I’m not sure why, but some Republican hawks are panicking about their hold over the party:

Like former ambassador John Bolton, who sent up some smoke signals of his own last month about a presidential run, all King is doing is alerting us to the fact that someone needs to put forward a coherent response to Paul that will assure the country that the GOP hasn’t retreated into an isolationist funk that will undermine any hope that it can appeal to moderates or Reagan Democrats who will never vote for an isolationist [bold mine-DL].

The GOP has a serious foreign policy problem with moderates, independents, and conservative Democrats today, but the problem isn’t that these voters are worried that the party is in an “isolationist funk.” The party is perceived by most Americans to be too aggressive on foreign policy, and it isn’t trusted to be competent or responsible in its conduct of U.S. foreign policy. Paul is one of the very few elected Republicans making any effort to acknowledge and respond to this. Republican hawks haven’t been silent in recent months, nor have they failed to react to Paul. The hawks’ problem is that their arguments continue to be remarkably weak, and denouncing their opponents as “isolationists” and appeasers doesn’t work very well anymore. There was a time when shouting “isolationist” at others might have still had the desired effect of exiling them from the debate, but it has been so overused against so many different policy views that fewer and fewer Americans pay attention to the accusation.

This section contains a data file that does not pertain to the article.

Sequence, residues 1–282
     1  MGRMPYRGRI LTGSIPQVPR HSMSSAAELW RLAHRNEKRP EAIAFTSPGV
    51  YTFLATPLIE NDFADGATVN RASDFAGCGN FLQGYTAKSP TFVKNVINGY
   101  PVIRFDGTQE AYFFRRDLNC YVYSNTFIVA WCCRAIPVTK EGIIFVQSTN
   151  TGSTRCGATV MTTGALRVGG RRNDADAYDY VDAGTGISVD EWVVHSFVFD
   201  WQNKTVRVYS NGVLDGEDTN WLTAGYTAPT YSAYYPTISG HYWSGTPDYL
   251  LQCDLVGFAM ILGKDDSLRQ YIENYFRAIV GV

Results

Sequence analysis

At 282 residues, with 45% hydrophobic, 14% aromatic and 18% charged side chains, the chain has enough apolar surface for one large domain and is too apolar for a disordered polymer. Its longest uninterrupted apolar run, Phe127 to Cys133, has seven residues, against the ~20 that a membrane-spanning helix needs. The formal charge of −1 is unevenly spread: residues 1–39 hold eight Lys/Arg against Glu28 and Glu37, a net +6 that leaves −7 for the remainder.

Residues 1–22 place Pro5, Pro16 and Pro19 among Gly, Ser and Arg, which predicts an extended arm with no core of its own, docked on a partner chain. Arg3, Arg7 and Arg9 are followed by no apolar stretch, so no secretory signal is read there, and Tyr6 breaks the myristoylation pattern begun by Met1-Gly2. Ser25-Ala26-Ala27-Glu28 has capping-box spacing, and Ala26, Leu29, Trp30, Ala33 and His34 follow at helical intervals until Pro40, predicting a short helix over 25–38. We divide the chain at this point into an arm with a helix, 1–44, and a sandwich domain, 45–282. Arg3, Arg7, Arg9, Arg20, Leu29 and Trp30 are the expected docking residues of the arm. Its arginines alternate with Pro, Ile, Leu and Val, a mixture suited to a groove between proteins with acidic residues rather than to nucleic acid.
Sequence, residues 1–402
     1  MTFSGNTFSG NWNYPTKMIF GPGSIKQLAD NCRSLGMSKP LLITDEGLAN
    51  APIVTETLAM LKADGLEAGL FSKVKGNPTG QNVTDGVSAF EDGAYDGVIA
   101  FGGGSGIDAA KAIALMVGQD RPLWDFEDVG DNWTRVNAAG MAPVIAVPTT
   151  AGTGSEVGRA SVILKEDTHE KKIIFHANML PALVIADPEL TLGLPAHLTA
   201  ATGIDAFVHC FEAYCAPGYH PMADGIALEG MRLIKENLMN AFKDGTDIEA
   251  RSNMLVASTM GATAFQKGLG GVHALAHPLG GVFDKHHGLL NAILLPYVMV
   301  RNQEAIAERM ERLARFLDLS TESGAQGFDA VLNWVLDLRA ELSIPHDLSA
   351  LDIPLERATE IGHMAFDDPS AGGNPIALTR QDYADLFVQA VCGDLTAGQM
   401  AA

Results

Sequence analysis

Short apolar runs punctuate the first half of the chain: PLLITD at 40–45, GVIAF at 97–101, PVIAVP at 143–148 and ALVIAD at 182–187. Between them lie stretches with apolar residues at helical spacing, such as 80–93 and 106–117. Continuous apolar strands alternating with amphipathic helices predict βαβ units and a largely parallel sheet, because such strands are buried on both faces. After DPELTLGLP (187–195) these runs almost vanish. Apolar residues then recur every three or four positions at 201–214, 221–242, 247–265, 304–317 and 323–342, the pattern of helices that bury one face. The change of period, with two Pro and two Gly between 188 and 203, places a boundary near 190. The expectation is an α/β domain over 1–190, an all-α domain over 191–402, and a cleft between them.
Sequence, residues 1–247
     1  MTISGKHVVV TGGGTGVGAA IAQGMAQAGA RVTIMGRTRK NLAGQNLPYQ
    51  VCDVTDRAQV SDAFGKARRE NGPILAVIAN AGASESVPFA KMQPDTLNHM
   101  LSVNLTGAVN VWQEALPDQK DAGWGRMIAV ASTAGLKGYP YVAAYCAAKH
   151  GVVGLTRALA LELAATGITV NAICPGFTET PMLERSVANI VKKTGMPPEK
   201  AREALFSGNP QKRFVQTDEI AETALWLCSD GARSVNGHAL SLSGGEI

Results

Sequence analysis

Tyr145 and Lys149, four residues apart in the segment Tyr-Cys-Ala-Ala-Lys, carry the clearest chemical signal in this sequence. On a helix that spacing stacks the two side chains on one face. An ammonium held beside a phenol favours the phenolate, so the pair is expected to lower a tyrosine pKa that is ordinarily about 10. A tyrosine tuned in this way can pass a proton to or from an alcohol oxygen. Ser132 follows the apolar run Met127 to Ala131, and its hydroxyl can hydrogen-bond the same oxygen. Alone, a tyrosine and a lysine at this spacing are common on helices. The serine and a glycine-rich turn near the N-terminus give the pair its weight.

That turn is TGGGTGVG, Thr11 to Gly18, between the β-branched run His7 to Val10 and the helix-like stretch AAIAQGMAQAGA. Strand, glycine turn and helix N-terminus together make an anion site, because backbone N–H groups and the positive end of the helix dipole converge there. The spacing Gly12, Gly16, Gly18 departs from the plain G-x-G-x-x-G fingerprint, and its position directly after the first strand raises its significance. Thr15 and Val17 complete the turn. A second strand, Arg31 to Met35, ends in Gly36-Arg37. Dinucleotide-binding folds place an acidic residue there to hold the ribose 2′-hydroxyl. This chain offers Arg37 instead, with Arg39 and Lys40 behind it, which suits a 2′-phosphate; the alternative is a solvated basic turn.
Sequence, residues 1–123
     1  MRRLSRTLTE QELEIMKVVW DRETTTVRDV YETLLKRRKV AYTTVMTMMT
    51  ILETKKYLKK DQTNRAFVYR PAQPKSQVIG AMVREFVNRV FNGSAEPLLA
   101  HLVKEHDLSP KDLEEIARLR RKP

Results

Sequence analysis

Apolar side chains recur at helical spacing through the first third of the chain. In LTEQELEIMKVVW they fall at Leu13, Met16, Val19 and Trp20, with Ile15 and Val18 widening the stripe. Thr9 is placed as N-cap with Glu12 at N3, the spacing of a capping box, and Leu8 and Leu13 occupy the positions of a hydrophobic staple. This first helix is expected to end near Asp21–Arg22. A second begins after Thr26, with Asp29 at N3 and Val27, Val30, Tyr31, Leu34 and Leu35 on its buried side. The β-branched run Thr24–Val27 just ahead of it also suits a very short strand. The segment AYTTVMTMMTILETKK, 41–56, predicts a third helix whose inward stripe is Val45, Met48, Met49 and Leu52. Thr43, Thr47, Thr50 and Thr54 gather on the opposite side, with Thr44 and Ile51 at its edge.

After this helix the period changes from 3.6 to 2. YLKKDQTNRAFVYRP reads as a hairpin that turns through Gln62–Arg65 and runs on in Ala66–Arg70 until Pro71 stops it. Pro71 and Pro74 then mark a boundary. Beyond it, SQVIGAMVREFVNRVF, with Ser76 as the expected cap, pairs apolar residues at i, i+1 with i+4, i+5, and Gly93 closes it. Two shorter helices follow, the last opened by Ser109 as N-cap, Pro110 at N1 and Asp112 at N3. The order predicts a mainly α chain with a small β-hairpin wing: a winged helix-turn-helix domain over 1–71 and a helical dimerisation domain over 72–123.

Instead of recognizing that Republicans have lost the public’s confidence on foreign policy because of the failures and unacceptable costs of hard-line and hawkish policies, hawks have concluded that the problem is that they don’t have enough vocal advocates for their cause. Since we are just a few months removed from the spectacle of the Hagel confirmation hearings, the idea that Republican hawks have ceded the field in intra-party debate is amusingly delusional. In fact, it is likely that Republican hawks would do harm to themselves and their party politically if they became even more vocal and aggressive in promoting their foreign policy views. Not only is the public much more concerned about domestic matters, but a majority has rejected what the hawks have been selling over the last seven years. A Republican Party that could credibly present a significantly less militarized, less aggressive foreign policy than the one it currently has would broaden its appeal. What is even more important for the country is that this would significantly improve the quality of its foreign policy.